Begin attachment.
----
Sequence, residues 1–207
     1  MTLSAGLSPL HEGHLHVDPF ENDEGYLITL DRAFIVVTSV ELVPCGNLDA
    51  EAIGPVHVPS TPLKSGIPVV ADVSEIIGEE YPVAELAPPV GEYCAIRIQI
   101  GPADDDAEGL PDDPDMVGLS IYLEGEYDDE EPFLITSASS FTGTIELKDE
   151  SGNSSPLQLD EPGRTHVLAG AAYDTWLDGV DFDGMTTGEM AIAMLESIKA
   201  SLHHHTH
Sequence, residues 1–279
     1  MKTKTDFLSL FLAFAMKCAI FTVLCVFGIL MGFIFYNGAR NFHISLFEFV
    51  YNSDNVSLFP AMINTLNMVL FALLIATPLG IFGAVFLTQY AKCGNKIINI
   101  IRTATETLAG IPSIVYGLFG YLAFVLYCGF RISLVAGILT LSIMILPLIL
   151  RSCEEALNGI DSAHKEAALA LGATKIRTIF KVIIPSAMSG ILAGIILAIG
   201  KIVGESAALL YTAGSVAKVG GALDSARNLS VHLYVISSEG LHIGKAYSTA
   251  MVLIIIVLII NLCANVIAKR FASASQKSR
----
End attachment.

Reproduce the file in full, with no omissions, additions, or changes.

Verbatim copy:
Sequence, residues 1–207
     1  MTLSAGLSPL HEGHLHVDPF ENDEGYLITL DRAFIVVTSV ELVPCGNLDA
    51  EAIGPVHVPS TPLKSGIPVV ADVSEIIGEE YPVAELAPPV GEYCAIRIQI
   101  GPADDDAEGL PDDPDMVGLS IYLEGEYDDE EPFLITSASS FTGTIELKDE
   151  SGNSSPLQLD EPGRTHVLAG AAYDTWLDGV DFDGMTTGEM AIAMLESIKA
   201  SLHHHTH
Sequence, residues 1–279
     1  MKTKTDFLSL FLAFAMKCAI FTVLCVFGIL MGFIFYNGAR NFHISLFEFV
    51  YNSDNVSLFP AMINTLNMVL FALLIATPLG IFGAVFLTQY AKCGNKIINI
   101  IRTATETLAG IPSIVYGLFG YLAFVLYCGF RISLVAGILT LSIMILPLIL
   151  RSCEEALNGI DSAHKEAALA LGATKIRTIF KVIIPSAMSG ILAGIILAIG
   201  KIVGESAALL YTAGSVAKVG GALDSARNLS VHLYVISSEG LHIGKAYSTA
   251  MVLIIIVLII NLCANVIAKR FASASQKSR